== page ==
Patient outcomes improve when pharmacists chart medications

When medication charting involves a pharmacist as well as a doctor, medication error rates in hospital admissions are significantly reduced, according to a new study.1

Researchers from Monash University’s Centre for Medicine Use and Safety (CMUS) at the Monash Institute of Pharmaceutical Sciences and Alfred Health evaluated the model of collaborative medication-charting in public hospitals in Victoria. Over 8,500 patients in general medical wards were included in the study, making it the largest of its kind.1

Generally, a doctor charts a patient’s medications on admission, after which a pharmacist reviews and reconciles the medication list. However, delays and review omissions can occur. This increases the risk of medication errors, potentially leading to patient harm and increased duration of hospitalisation.

The 2016 study aimed to see whether timely, collaborative care as soon as possible after admission would reduce medication errors.

Patients who had partnered pharmacist medication charting (known as PPMC) were found to have a reduced hospital stay from 4.7 (IQR* 2.8-8.2) days to 4.2 (IQR 2.3-7.5) days (p<0.001); a reduction of half a day on average.1

Also, the number of medication errors detected within 24 hours of admission was significantly reduced. Medications charts that had at least one error was reduced from 66% to 3.6%.The number-needed-to-treat to prevent one error was 1.6 (95% Cl:1.57-1.64).1

The PPMC model involved a pharmacist taking a medication history, reconciling medications, assessing risk of venous thromboembolism (VTE), collaboratively making decisions with the admitting medical officer and charting the medication.

A second pharmacist took the role of independent assessor, reviewing all medications charted by a pharmacist within 24 hours, to provide a second check and identify any medication errors.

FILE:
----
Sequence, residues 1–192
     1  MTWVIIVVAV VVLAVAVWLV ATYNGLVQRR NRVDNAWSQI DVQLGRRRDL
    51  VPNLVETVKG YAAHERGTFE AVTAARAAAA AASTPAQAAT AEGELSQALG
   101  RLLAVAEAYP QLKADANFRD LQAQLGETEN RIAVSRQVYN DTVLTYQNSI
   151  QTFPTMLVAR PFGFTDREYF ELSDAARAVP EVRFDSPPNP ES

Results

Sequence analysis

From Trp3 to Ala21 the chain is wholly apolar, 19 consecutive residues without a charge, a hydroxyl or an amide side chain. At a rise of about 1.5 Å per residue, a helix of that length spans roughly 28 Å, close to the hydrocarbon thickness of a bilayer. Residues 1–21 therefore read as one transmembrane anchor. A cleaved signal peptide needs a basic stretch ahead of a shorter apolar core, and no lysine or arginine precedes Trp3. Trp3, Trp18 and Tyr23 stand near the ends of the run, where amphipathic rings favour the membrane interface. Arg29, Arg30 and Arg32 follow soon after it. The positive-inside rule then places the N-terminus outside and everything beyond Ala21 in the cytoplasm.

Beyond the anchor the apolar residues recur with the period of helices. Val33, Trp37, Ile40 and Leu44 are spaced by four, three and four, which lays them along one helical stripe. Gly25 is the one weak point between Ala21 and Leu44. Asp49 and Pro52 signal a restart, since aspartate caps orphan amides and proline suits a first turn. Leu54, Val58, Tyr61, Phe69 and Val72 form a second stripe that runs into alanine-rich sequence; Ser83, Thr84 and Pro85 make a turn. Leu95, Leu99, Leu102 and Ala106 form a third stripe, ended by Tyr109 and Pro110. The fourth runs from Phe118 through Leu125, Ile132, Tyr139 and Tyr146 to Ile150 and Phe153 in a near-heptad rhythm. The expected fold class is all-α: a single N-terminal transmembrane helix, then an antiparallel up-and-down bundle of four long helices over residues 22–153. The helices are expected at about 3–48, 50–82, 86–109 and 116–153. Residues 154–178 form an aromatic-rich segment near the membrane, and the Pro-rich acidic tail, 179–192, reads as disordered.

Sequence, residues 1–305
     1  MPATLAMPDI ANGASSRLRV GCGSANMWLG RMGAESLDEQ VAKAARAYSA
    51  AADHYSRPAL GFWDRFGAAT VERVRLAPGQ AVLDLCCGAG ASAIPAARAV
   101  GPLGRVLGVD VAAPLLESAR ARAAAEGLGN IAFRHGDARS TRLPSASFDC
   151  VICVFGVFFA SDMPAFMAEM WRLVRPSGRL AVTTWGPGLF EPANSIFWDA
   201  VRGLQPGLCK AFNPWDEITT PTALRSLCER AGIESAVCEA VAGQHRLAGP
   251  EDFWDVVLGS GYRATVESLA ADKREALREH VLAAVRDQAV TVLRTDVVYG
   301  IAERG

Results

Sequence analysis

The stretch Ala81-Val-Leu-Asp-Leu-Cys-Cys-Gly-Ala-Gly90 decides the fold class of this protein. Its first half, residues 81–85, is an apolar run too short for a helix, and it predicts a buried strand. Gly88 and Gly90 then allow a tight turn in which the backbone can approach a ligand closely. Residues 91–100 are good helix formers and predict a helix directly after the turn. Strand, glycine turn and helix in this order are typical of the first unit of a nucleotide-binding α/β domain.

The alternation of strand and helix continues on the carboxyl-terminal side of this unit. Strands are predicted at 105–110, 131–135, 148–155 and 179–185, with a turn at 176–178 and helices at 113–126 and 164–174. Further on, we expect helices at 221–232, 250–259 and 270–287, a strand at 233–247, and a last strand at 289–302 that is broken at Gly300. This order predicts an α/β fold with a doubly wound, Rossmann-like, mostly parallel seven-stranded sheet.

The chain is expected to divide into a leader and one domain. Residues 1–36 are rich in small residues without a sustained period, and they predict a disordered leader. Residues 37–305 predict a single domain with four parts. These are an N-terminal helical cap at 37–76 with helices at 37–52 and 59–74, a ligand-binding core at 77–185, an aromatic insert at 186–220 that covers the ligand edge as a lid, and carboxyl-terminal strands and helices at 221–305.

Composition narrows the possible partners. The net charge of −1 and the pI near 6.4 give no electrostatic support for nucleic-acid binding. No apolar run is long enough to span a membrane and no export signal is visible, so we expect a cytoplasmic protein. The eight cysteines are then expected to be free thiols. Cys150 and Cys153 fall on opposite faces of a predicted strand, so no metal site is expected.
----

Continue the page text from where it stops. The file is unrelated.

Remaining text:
A limitation of the study was that pharmacists were only available during normal working hours during the intervention phase, whereas in the pre–intervention phase all admitted patients were included in the study, no matter what time of day or night.

The Deputy Director of Pharmacy at Alfred Health, Erica Tong, praised the collaborative work with the medical team at the point of admission, and believes the partnered pharmacist model around the clock should be evaluated. 

‘Implementation of this model to other clinical areas such as surgical and oncology services should be considered, and evaluation of the impact on electronic prescribing systems on this model should also be investigated,’ Ms Tong said.1

The Acting Director of Pharmacy Services at Brisbane’s Princess Alexandra Hospital (PAH) and Associate Professor at the University of Queensland’s School of Pharmacy, Michael Barras, welcomed the study findings and fully supports this model of care. 

‘Prescribing is not currently in a pharmacist’s scope of practice, unless under a research framework, so that task remains with the medical officer,’ he added. Although not providing 24-hour care, Emergency Department pharmacists are available until 8.00 pm daily.

‘Models of care like this pharmacist-led medicines charting initiative need to become normal care for all patients in all hospitals if we are serious about medicine safety. Whatever Australian hospital a patient is in, they deserve to receive access to high quality pharmacist care like this,’ according to PSA National President Associate Professor Chris Freeman.

‘We welcome this research as it adds further weight to PSA’s call in Pharmacists in 2023 for hospital pharmacists to be available at comparable levels regardless of location, timing or nature of stay to make patients in Australian hospitals safer.’

The Monash study on minimising medication errors on admission builds on a previous study conducted by Erica Tong and colleagues – Reducing medication errors in hospital discharge summaries: a randomised controlled trial. The study involved pharmacists completing the medical discharge summary, resulting in a reduction of medication errors from 60% to 15%. This study was published in the Medical Journal of Australia (MJA) and was independently judged to be the best paper published by the MJA in 2017.2

*IQR = interquartile range, or middle 50% – used as a measure of statistical spread of results


  1. Tong EY, Mitra, B, Yip, G, et al. Multi‐site evaluation of partnered pharmacist medication charting and in‐hospital length of stay. Br J Clinl Pharmacol 2019. Epub 2019 Oct 21.
  2. Tong EY, Roman C, Mitra B, et al. Reducing medication errors in hospital discharge summaries: a randomised controlled trial. Med J Aust 2017;206:36–39.